Japanese publisher Sega has released its full-year financial results, showing growth across the board.
The publisher reported net sales of ¥366.6 billion ($3.4 billion) for the 12 months ended March 31, 2020 -- up 10.5% year-on-year.
Operating income rose 111.3% to ¥27.6 billion ($257.8 million), while profit attributable to parent was up 421% to ¥13.8 billion ($128.9 million).
In the Entertainment Contents segment, which handles its video games business, sales were reported as ¥247.7 billion ($2.3 billion), up nearly 13% from the previous financial year.
Operating income for this business was reported as ¥14.8 billion ($138.3 million), up 51% year-on-year.
While digital games were largely to thank for this growth -- a trend Sega notes is continuing amid the COVID-19 pandemic -- the publisher also reported a "significant increase" in packaged games sales.
Over the course of the year, 26.7 million boxed games were sold, up from the 23.4 million shifted in the previous financial year. Packaged games sales generated ¥78.2 billion ($730.5 million), showing year-on-year growth of 43%.
In fact, packaged games were comfortably the largest revenue source for Sega's Entertainment Contents business, followed by amusement machine sales at ¥51.1 billion ($477.3 million) and digital games at ¥47.2 billion ($440.9 million).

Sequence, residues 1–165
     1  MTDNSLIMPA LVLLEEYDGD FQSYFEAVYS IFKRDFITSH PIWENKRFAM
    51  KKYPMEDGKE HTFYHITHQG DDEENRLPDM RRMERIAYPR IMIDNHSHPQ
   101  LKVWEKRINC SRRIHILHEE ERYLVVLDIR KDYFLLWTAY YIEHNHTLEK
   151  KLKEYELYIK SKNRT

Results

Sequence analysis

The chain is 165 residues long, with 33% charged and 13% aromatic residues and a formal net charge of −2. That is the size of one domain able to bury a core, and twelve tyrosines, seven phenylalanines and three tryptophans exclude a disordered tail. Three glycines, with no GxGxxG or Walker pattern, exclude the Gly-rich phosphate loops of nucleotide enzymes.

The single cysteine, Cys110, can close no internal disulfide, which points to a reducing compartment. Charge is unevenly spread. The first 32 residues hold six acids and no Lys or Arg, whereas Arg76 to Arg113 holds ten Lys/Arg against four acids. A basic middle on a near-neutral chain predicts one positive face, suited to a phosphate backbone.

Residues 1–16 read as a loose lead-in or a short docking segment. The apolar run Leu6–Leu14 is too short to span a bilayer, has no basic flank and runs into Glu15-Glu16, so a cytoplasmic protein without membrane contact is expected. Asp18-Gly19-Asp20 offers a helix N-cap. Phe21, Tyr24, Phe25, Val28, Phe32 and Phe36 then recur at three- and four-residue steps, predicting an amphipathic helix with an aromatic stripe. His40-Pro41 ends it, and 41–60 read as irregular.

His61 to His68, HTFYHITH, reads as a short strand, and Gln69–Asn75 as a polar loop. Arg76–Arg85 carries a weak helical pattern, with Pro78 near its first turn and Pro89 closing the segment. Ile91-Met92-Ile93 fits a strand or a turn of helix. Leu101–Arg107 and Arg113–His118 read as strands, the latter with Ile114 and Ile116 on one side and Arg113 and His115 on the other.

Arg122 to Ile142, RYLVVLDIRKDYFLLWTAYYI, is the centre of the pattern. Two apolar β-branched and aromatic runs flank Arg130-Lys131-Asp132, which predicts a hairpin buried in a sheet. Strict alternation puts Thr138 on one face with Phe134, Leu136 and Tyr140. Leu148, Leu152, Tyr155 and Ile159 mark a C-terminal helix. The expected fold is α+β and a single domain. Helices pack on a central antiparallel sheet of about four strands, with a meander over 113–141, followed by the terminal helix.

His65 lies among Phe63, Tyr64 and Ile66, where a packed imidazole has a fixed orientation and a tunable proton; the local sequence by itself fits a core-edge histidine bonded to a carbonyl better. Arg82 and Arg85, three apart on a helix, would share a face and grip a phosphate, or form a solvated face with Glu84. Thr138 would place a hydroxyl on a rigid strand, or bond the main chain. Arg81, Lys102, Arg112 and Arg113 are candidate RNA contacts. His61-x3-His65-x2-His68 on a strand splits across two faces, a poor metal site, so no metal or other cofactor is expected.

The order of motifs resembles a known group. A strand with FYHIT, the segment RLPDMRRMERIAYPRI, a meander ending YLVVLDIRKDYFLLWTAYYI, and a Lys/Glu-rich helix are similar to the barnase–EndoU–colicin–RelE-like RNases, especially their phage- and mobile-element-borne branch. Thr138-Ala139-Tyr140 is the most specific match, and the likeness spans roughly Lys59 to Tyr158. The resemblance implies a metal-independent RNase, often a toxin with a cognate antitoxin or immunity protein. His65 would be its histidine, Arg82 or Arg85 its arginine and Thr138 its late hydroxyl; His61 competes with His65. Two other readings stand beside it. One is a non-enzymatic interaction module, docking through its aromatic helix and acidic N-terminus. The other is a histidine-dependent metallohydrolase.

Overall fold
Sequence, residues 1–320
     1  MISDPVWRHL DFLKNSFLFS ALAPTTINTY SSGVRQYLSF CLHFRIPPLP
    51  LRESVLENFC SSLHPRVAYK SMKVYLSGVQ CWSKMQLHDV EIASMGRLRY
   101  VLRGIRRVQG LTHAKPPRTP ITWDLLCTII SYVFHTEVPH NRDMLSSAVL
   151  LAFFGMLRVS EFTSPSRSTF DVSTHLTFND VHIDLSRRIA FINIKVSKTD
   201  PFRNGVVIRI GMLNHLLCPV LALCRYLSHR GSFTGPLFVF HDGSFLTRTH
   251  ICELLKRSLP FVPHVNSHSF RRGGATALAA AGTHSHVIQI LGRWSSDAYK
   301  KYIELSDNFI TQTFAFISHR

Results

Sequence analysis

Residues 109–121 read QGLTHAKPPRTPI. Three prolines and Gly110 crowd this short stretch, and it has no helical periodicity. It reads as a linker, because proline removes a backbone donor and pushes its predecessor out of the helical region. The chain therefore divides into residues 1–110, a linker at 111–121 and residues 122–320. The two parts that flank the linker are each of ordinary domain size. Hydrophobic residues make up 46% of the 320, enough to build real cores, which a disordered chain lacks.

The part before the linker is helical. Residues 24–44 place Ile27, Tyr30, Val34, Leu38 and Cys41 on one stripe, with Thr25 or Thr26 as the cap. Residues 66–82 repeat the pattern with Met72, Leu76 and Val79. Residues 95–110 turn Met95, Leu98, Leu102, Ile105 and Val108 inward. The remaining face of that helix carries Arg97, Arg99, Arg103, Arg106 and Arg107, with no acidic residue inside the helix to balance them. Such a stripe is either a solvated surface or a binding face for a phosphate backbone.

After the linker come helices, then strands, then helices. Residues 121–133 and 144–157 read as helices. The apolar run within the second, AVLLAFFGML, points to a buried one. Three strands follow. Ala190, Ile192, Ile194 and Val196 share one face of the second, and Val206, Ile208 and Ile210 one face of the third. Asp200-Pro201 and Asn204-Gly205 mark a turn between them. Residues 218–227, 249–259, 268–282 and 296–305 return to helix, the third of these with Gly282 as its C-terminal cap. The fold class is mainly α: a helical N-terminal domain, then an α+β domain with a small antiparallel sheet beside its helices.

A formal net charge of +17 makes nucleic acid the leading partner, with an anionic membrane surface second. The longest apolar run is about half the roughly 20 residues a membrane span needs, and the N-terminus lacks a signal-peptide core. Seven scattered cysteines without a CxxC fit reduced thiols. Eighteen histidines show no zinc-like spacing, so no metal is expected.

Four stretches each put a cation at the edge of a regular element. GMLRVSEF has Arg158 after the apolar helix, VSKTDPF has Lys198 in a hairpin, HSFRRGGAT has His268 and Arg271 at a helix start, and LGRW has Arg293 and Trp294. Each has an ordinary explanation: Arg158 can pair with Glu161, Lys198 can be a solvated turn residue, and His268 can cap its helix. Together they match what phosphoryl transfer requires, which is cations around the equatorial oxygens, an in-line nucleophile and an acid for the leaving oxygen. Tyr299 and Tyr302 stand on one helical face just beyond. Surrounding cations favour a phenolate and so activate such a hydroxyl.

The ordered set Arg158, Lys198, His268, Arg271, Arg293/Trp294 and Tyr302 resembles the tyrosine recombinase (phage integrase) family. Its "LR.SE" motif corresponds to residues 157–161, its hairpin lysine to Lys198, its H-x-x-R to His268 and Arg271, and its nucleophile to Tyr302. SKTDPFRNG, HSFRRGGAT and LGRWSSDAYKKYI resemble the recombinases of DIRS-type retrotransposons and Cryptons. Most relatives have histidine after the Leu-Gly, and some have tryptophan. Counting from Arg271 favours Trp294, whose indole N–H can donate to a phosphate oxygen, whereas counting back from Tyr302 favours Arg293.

By comparison, packaged games were second largest segment for this part of the business last year, just ¥1 million behind amusement machines at ¥54.6 million ($510 million).
The surge in boxed sales was attributed to the launch of several key titles, including Team Sonic Racing, Persona 5 Royal, Total War: Three Kingdoms, Football Manager 2020, Mario & Sonic at the Tokyo 2020 Olympic Games, and the Japanese release of Yakuza: Like A Dragon.
The publisher reiterated its response to the COVID-19 pandemic, with all employees working from home since the end of February. It has also temporarily closed certain operations, such as its amusement centres and resorts.
But the need to work from home is starting to delay its development schedule. Sega says there is "concern about the impact on external development partners" and warns that, "if the current citation is prolonged", future titles launched may also be delayed.